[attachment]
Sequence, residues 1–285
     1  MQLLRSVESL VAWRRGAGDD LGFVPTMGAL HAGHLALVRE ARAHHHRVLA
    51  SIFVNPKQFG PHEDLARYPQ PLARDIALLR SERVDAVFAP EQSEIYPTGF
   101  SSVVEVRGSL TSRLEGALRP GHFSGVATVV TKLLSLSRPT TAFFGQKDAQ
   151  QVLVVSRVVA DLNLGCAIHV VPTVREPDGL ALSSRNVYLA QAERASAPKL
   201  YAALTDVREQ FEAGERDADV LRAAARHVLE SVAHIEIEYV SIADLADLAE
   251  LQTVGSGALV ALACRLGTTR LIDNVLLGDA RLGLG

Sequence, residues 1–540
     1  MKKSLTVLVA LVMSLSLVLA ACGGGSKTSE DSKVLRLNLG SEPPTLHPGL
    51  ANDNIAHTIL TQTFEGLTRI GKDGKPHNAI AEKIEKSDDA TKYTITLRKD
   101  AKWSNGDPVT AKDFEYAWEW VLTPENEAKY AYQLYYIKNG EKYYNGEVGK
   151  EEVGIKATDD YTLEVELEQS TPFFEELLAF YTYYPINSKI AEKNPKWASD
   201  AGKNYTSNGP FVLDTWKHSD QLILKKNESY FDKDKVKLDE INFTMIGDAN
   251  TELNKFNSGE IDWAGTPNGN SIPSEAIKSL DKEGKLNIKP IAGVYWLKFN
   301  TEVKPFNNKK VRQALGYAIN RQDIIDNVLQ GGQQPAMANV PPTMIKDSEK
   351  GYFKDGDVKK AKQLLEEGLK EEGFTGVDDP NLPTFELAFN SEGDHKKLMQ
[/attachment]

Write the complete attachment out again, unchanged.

Sequence, residues 1–285
     1  MQLLRSVESL VAWRRGAGDD LGFVPTMGAL HAGHLALVRE ARAHHHRVLA
    51  SIFVNPKQFG PHEDLARYPQ PLARDIALLR SERVDAVFAP EQSEIYPTGF
   101  SSVVEVRGSL TSRLEGALRP GHFSGVATVV TKLLSLSRPT TAFFGQKDAQ
   151  QVLVVSRVVA DLNLGCAIHV VPTVREPDGL ALSSRNVYLA QAERASAPKL
   201  YAALTDVREQ FEAGERDADV LRAAARHVLE SVAHIEIEYV SIADLADLAE
   251  LQTVGSGALV ALACRLGTTR LIDNVLLGDA RLGLG

Sequence, residues 1–540
     1  MKKSLTVLVA LVMSLSLVLA ACGGGSKTSE DSKVLRLNLG SEPPTLHPGL
    51  ANDNIAHTIL TQTFEGLTRI GKDGKPHNAI AEKIEKSDDA TKYTITLRKD
   101  AKWSNGDPVT AKDFEYAWEW VLTPENEAKY AYQLYYIKNG EKYYNGEVGK
   151  EEVGIKATDD YTLEVELEQS TPFFEELLAF YTYYPINSKI AEKNPKWASD
   201  AGKNYTSNGP FVLDTWKHSD QLILKKNESY FDKDKVKLDE INFTMIGDAN
   251  TELNKFNSGE IDWAGTPNGN SIPSEAIKSL DKEGKLNIKP IAGVYWLKFN
   301  TEVKPFNNKK VRQALGYAIN RQDIIDNVLQ GGQQPAMANV PPTMIKDSEK
   351  GYFKDGDVKK AKQLLEEGLK EEGFTGVDDP NLPTFELAFN SEGDHKKLMQ